Lexington promises more surprises than a Thoroughbred on Derby Day. Surrounded by rambling farms and rolling countryside, this Bluegrass city entertains its share of queens, sheiks, equestrians, and movie stars. However, it remains unpretentious and hospitable. You'll feel right at home among its fine restaurants and local shops that hide splurge-worthy trinkets and bargain buys.
Where To Stay
Getting a comfortable bed in this town proves easy (the Tempur-Pedic mattress company houses its headquarters in Lexington and maintains a partnership with many hotels).
Gas fireplaces add to the cozy feel of rooms at the Crowne Plaza Lexington Campbell House. The hotel offers a babysitting service, barber shop, and same day dry-cleaning. And yes, those local mattresses adorn these beds. Rates range $99 to $119. Or choose the Courtyard Lexington South by Marriott just off I-75 at the Man O'War exit (Exit 108). Rates range $89 to $119.
What To Do
Keeneland Race Course, an iconic Lexington stop for equestrians, offers an inside look during its horse sales four times a year. (The sales are in January, April, September, and November.) Auctioneers sell foals and mares to the highest bidders as buyers and spectators watch from cushy seats in a theater-style pavilion. Stop in to catch a morning workout session (6 a.m.-10 a.m.). Jockeys bounce like buoys on the shiny backs of Kentucky Derby contenders.
As if its turn-of-the-century residents had vanished into air, Shaker Village of Pleasant Hill sits like a time capsule half an hour away from the city. Worth the drive, this living-history museum showcases Shaker artwork and livelihood on nearly 3,000 acres of preserved farmland.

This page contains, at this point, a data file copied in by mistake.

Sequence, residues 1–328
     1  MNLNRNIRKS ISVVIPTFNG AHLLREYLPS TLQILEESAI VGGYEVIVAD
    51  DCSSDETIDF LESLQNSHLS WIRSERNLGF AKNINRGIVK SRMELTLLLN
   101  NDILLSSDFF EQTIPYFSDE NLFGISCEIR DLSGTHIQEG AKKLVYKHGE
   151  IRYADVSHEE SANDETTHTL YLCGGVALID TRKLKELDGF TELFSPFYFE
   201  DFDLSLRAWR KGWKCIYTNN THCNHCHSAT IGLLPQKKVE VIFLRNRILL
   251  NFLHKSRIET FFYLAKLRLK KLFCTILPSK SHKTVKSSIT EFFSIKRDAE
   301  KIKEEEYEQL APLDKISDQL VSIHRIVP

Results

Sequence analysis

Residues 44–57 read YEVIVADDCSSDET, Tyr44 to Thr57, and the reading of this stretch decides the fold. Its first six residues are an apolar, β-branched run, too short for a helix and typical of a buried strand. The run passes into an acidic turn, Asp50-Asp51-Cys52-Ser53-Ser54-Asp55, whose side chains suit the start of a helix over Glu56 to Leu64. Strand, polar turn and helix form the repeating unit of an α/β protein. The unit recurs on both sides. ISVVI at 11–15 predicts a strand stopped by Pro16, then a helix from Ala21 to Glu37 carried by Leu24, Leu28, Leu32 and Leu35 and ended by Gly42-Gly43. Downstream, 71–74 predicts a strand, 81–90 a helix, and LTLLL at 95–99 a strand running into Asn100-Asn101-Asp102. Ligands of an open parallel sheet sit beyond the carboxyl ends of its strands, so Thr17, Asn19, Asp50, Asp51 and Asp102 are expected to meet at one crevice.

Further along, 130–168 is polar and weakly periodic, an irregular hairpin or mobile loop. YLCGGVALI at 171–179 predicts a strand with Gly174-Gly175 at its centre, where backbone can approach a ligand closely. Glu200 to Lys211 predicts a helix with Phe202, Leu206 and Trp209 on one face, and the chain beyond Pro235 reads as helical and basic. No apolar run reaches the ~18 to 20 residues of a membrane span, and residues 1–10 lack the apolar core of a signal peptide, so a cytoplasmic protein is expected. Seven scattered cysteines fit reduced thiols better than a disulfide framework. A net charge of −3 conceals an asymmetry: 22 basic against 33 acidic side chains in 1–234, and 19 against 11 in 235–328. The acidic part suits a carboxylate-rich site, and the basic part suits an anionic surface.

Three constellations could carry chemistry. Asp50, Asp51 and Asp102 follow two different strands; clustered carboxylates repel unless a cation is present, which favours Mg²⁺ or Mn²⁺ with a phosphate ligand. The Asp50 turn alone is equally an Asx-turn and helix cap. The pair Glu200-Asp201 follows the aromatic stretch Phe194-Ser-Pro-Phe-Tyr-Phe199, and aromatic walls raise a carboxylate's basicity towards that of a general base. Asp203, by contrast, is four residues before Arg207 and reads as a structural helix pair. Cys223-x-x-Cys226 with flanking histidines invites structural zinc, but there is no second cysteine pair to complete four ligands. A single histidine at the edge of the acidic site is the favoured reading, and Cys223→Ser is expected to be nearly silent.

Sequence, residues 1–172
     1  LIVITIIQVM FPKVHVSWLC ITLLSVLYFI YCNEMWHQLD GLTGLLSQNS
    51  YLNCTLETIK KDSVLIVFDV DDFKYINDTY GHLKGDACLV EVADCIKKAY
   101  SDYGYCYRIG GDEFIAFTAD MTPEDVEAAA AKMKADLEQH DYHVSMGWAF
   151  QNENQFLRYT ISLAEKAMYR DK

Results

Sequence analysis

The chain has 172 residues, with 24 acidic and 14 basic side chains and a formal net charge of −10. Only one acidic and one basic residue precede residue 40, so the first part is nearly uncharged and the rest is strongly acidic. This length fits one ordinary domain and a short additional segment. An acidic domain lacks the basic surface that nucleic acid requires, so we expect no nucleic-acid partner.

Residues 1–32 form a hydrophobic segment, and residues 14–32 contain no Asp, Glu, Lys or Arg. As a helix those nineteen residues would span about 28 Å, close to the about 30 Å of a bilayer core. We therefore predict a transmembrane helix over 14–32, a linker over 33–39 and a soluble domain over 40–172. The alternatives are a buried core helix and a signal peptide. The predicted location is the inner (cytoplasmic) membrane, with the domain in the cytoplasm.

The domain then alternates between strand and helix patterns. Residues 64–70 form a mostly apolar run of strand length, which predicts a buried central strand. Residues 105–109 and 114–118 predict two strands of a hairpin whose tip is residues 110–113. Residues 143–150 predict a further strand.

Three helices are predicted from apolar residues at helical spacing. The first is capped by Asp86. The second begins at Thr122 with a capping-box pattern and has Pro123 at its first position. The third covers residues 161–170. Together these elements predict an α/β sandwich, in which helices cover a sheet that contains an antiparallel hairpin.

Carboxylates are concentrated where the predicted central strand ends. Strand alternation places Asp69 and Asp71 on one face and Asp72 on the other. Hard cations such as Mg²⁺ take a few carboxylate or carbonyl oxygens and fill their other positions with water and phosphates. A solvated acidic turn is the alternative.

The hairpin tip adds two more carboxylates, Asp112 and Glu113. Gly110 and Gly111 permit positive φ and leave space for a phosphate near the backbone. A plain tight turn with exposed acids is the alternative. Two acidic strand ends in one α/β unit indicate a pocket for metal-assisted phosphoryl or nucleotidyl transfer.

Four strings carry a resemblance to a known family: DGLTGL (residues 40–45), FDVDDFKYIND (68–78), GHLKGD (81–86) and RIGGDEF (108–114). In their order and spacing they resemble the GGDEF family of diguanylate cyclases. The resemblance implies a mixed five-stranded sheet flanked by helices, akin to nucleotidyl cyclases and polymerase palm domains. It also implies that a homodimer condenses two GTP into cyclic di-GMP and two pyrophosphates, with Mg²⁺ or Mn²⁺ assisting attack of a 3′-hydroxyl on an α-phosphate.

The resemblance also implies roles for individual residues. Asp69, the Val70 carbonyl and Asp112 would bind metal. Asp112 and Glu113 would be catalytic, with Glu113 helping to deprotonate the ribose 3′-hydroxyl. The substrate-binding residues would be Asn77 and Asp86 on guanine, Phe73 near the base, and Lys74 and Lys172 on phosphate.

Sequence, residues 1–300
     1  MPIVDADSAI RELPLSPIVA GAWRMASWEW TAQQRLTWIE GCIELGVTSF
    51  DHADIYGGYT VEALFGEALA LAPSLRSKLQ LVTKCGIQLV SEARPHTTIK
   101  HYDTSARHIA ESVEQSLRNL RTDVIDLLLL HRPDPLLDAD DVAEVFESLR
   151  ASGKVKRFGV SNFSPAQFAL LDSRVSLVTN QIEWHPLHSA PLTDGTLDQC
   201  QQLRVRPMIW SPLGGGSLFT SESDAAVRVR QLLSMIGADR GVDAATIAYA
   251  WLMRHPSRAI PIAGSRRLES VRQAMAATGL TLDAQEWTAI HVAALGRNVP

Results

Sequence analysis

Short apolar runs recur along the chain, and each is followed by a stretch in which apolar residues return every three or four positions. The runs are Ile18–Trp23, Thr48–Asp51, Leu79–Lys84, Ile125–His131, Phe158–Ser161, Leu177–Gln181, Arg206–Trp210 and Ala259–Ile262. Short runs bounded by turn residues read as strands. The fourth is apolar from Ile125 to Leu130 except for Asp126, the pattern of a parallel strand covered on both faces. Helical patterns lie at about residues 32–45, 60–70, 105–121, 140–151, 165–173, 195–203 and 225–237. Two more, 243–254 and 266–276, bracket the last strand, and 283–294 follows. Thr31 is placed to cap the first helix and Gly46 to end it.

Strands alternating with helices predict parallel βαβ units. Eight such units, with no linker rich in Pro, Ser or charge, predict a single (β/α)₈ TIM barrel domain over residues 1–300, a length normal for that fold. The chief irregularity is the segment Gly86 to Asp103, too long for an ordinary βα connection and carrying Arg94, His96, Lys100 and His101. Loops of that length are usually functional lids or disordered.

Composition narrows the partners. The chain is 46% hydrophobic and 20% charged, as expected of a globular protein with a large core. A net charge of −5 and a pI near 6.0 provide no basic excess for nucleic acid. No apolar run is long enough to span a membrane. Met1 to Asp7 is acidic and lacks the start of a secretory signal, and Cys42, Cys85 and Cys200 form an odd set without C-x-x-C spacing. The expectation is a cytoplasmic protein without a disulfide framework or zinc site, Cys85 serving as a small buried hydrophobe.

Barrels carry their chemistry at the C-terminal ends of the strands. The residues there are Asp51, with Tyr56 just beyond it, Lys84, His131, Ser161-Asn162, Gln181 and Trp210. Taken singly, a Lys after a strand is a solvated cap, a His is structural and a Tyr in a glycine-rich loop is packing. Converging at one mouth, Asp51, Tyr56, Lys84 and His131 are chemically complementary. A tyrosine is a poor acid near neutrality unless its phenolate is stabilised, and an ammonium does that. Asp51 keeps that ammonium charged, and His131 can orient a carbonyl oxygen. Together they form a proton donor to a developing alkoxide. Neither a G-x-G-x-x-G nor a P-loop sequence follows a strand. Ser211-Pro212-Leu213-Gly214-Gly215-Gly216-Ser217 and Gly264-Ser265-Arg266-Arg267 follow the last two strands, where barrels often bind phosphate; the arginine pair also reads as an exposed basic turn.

Shoppers love Lexington's eclectic mix of trendy shops and homespun boutiques filled with holiday wares. At Magpie Yarn, knitters can take classes and browse its broad variety of natural fiber yarns, including bamboo, corn silk, soy, wool, cotton, and linen. Joseph-Beth Booksellers, a mammoth two-level store, often hosts Food Network authors and provides reads on subjects ranging from astronomy to architecture. You'll also find gift items and more at this Lexington Green emporium.
Next door, Artique Lexington Green features fine American crafts by a thousand U.S. artists with everything from jewelry to furniture to pottery to blown glass. They have another location in The Lexington Center. Natasha's Bistro/Boutique offers eclectic clothing from around the world, imaginative international cuisine, and gourmet coffees and teas. The Black Market Boutique showcases a mix of vintage and contemporary style by designers such as Miss Me and Kensie Clothing. You'll love the graphic T-shirts for guys and funky women's shoes.
Along Clay Avenue visit the distinctive shops such as Linens Limited, with its luxurious Egyptian cotton sheets, dreamy goose-down pillows, and designer duvets. Head to The Paperweight for personalized stationery and invitations as well as gift items.
From down-home to darn good, Lexington offers a surplus of meal choices. Rub elbows with jockeys, trainers, and horse owners at Keeneland Track Kitchen where you'll enjoy generous meals of thick buttermilk pancakes, fluffy omelets, and hash browns. Breakfast is served until 11 a.m.
Modeled after a traditional French bistro, Le Deauville serves portions of Paris on fine plates. Dishes range from escargot in garlic sauce ($9.50) to less exotic items such as lamb chops with rosemary scented au jus ($28). Ooh, la-la! Reservations are accepted; 246-0999.
Portofino earns bragging rights with its bruschetta, beef tenderloin bathed in cognac, and house-made cheese-and-basil ravioli. Reservations are preferred;  253-9300.
Go back to Natasha's Bistro/Boutique to feast on cuisine with an international accent such as Hungarian Goulash and Midnight Chicken Curry. On weekends watch entertainers at The Balagula Theatre, located on-site only a few feet from the dining area.
Both unique and awe-inspiring, Natasha's, much like Lexington, offers a broad array of experiences begging to be discovered.
"The Best of Lexington" is from the November 2007 issue of Southern Living. Because prices, dates, and other specifics are subject to change, please check all information to make sure it's still current before making your travel plans.